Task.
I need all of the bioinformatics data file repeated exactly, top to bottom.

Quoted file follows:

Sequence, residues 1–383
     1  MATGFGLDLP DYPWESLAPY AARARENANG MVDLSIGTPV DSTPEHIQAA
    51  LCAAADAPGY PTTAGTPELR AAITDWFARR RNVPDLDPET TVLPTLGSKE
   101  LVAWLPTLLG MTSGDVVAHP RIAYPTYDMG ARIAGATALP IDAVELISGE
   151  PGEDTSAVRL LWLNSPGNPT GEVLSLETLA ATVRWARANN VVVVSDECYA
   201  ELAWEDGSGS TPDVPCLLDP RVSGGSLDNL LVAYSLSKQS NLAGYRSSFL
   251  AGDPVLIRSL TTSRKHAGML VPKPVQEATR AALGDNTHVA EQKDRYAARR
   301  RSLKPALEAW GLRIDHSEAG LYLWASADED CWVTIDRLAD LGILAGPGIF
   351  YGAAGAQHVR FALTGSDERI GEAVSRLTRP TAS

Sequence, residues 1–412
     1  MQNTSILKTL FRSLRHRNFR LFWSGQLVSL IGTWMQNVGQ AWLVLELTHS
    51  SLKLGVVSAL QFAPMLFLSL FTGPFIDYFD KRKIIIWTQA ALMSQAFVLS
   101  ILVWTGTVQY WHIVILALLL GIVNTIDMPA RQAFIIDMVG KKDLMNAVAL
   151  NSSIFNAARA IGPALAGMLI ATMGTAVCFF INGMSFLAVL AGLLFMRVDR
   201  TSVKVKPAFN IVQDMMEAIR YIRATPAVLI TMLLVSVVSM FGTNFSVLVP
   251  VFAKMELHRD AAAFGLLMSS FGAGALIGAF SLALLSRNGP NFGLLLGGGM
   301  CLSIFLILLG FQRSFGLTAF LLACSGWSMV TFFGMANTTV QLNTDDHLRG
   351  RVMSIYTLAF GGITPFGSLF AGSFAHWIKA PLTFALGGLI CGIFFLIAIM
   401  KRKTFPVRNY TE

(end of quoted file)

Sequence, residues 1–383
     1  MATGFGLDLP DYPWESLAPY AARARENANG MVDLSIGTPV DSTPEHIQAA
    51  LCAAADAPGY PTTAGTPELR AAITDWFARR RNVPDLDPET TVLPTLGSKE
   101  LVAWLPTLLG MTSGDVVAHP RIAYPTYDMG ARIAGATALP IDAVELISGE
   151  PGEDTSAVRL LWLNSPGNPT GEVLSLETLA ATVRWARANN VVVVSDECYA
   201  ELAWEDGSGS TPDVPCLLDP RVSGGSLDNL LVAYSLSKQS NLAGYRSSFL
   251  AGDPVLIRSL TTSRKHAGML VPKPVQEATR AALGDNTHVA EQKDRYAARR
   301  RSLKPALEAW GLRIDHSEAG LYLWASADED CWVTIDRLAD LGILAGPGIF
   351  YGAAGAQHVR FALTGSDERI GEAVSRLTRP TAS

Sequence, residues 1–412
     1  MQNTSILKTL FRSLRHRNFR LFWSGQLVSL IGTWMQNVGQ AWLVLELTHS
    51  SLKLGVVSAL QFAPMLFLSL FTGPFIDYFD KRKIIIWTQA ALMSQAFVLS
   101  ILVWTGTVQY WHIVILALLL GIVNTIDMPA RQAFIIDMVG KKDLMNAVAL
   151  NSSIFNAARA IGPALAGMLI ATMGTAVCFF INGMSFLAVL AGLLFMRVDR
   201  TSVKVKPAFN IVQDMMEAIR YIRATPAVLI TMLLVSVVSM FGTNFSVLVP
   251  VFAKMELHRD AAAFGLLMSS FGAGALIGAF SLALLSRNGP NFGLLLGGGM
   301  CLSIFLILLG FQRSFGLTAF LLACSGWSMV TFFGMANTTV QLNTDDHLRG
   351  RVMSIYTLAF GGITPFGSLF AGSFAHWIKA PLTFALGGLI CGIFFLIAIM
   401  KRKTFPVRNY TE